The England Illegal Money Lending Team (IMLT) have launched a new campaign aimed at tackling illegal money lending on the internet and warning of the dangers of online loan sharks.
The campaign comes amid concerns more people are falling prey to unscrupulous lenders online, as statistics show one in five victims met their lender on social media in the first half of 2020.
Loan sharks are increasingly using social media platforms, such as Facebook, Instagram and Snapchat, to advertise their illegal loans and target potential victims.
These criminals will lure people in with seemingly attractive loan offers but will quickly resort to intimidation, threats and violence to enforce repayment and trap borrowers in a spiral of debt.
This year’s Christmas campaign, called #SharkFreeSurfing, will run across the Stop Loan Sharks social media platforms from 30th November to 6th December. It is hoped that the campaign will help encourage not just victims but the wider community to report online illegal money lending activity.
The IMLT will also release short audio stories on the Stop Loan Sharks podcast platform to help people spot the many different tactics used by loan sharks and promote the support available to those affected.
Tony Quigley, Head of the England Illegal Money Lending Team, said: “We are aware that loan sharks are becoming more active on social media, particularly in community groups and on local selling pages, which we will not tolerate.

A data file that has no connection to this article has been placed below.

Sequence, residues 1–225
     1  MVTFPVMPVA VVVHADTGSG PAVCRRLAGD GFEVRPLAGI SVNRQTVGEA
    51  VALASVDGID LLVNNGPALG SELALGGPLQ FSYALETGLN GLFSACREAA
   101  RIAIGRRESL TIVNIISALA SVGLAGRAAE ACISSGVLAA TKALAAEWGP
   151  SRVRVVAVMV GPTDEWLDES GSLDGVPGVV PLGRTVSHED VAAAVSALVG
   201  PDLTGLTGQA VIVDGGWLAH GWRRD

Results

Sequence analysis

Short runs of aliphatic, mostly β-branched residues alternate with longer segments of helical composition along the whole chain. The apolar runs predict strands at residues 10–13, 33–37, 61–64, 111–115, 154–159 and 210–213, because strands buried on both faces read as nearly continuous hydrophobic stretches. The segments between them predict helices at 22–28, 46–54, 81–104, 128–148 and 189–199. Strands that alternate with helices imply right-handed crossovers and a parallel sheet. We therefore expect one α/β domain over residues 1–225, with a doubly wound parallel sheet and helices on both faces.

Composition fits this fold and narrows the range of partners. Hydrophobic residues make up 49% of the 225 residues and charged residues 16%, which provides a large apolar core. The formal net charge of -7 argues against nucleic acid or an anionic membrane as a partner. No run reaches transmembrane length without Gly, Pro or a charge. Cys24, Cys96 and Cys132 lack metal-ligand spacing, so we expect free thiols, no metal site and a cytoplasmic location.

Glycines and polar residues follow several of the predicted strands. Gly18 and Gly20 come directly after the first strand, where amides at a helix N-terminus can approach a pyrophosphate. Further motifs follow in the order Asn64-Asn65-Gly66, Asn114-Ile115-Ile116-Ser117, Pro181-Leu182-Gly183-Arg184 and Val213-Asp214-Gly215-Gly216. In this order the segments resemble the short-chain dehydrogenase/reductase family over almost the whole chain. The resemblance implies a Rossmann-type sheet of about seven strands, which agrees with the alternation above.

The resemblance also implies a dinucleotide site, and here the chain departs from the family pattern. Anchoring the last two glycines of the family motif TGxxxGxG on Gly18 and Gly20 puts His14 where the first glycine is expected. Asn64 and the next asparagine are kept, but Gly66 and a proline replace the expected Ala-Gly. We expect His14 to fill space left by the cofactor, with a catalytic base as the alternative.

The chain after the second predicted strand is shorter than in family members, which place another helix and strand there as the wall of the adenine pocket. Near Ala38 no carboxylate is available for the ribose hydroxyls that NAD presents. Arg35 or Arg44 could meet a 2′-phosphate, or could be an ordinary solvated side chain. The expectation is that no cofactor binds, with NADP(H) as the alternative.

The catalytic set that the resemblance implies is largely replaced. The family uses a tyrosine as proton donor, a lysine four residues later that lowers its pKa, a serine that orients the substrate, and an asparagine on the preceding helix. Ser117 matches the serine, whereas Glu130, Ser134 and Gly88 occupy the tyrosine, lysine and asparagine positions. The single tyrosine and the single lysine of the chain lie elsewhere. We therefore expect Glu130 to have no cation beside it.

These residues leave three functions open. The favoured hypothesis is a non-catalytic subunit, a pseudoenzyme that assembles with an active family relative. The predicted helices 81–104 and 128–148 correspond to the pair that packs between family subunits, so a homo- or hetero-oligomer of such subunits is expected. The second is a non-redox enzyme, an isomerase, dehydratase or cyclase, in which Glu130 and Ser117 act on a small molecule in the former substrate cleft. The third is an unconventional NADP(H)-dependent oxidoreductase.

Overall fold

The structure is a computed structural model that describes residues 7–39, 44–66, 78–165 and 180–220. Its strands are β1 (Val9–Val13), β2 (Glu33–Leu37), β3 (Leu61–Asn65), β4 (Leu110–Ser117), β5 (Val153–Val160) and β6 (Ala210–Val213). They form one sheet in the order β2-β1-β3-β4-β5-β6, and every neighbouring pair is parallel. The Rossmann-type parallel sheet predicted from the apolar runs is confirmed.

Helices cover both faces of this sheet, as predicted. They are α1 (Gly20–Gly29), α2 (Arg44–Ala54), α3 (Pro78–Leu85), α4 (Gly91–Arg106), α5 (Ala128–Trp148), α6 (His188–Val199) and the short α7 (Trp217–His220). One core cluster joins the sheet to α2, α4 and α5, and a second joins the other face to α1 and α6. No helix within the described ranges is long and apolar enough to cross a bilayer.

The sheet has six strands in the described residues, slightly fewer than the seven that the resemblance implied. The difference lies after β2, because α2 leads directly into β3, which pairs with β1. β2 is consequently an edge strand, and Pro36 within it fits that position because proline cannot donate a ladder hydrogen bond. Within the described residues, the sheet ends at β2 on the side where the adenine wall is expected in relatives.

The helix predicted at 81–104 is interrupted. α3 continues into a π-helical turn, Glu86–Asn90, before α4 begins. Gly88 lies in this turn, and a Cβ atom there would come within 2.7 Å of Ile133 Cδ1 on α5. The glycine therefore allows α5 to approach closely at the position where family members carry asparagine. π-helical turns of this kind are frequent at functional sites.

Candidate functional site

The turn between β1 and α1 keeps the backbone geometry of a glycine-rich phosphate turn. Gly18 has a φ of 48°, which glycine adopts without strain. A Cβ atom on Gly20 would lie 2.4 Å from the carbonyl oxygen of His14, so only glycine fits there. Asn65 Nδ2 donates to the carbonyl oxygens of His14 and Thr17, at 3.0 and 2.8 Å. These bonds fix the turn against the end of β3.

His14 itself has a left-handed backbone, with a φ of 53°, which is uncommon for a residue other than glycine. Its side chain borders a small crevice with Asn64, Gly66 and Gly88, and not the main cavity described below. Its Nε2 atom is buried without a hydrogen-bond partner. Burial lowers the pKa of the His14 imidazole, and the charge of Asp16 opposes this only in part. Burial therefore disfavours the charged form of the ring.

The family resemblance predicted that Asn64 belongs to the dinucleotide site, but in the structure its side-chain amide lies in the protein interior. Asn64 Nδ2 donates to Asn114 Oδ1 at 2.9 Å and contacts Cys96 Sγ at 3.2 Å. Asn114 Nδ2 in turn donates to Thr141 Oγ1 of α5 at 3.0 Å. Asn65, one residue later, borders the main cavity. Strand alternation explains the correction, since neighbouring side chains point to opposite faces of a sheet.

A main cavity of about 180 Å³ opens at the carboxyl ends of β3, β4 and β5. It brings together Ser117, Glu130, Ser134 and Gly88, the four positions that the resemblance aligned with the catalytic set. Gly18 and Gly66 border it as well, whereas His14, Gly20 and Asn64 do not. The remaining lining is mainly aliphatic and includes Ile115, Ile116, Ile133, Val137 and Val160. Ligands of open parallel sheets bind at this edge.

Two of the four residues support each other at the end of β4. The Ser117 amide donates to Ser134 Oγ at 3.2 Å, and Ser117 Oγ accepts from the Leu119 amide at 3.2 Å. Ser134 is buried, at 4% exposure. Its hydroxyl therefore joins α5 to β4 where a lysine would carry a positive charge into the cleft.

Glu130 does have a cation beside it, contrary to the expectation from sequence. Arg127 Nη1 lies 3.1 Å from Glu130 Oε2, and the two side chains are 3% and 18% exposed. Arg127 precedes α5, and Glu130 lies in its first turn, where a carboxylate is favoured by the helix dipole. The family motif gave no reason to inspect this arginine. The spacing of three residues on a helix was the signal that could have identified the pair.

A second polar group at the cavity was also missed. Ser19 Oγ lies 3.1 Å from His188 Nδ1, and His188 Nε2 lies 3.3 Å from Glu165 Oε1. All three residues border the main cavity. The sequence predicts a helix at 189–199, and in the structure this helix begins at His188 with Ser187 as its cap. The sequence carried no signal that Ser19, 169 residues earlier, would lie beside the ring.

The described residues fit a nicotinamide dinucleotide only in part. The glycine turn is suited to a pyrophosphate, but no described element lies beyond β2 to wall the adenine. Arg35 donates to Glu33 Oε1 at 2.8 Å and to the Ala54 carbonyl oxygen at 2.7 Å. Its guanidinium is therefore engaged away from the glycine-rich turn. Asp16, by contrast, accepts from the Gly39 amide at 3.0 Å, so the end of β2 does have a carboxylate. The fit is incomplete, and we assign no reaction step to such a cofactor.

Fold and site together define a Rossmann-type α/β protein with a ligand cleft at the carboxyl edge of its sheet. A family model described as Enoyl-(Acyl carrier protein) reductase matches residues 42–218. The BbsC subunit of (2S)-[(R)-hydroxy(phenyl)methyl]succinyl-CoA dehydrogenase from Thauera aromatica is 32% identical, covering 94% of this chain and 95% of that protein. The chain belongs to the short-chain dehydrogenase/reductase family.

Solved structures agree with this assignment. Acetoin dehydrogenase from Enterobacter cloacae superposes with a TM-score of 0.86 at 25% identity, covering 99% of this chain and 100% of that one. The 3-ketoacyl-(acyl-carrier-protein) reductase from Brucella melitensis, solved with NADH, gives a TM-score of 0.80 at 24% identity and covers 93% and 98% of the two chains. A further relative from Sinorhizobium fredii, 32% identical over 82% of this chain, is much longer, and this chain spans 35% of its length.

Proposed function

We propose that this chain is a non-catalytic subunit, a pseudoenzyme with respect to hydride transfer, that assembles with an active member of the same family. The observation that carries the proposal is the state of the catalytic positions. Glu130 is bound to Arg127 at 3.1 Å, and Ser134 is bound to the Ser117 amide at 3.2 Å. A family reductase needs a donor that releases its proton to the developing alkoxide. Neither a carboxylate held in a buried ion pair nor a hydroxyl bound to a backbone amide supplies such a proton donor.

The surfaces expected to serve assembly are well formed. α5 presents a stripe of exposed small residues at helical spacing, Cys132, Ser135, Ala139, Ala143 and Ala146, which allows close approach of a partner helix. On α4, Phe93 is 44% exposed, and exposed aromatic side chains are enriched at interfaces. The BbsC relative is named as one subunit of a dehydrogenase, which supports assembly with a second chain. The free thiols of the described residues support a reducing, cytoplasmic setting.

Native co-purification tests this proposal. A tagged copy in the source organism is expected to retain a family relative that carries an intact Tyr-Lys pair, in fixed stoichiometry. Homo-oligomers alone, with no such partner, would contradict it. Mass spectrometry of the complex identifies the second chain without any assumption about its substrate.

“Loan sharks are using online platforms to advertise their predatory lending activities and target potential victims. People throughout our communities are struggling financially due to the pandemic and the increased pressures to not only meet monthly bills but also the added expense of Christmas may make them more at risk of being targeted by illegal money lenders.
“I urge people to remain vigilant when online – if you spot a suspicious loan advert on social media, report it to us. If you need to borrow money, always check the lender is authorised by the Financial Conduct Authority and contact your local credit union about ethical financial products and services.”
Know who you are dealing with. If you’ve only ever met someone online or are unsure of the legitimacy of a lender, take some time to do a bit more research. Check the lender is authorised by the Financial Conduct Authority (FCA). If not, don’t borrow from them and report here.
Beware of loan adverts with no credit checks. Loan sharks have been known to advertise in community groups and on local selling pages. They may seem friendly and accommodating, but their behaviour can quickly change, and you might be harassed or threatened if you get behind with your repayments. Lenders must carry out credit checks to make sure borrowers can afford to pay back their loans. You should never hand over your bank details to strangers, even if they lure you with attractive offers. Remember, if it looks too good to be true, it probably is.
Beware of any requests for your details or money. Loan sharks may ask for copies of your passport or pictures of your house, the street and your house number. Never send money or give card details, online account details or copies of personal documents to anyone you don’t know or trust.
If you suspect someone may be a loan shark or they are acting inappropriately, you can report them anonymously here or by calling the Stop Loan Sharks Helpline on 0300 555 2222.
Alternatively, you can email the team on firstname.lastname@example.org or access support via live chat Monday to Friday between 9am-5pm.
If you’re thinking about using a loan shark because you can’t borrow money anywhere else, there are a number of organisations which offer free debt advice such as Citizens Advice, StepChange and the Money Advice Service. You can also contact your local credit union about safe savings and affordable loans.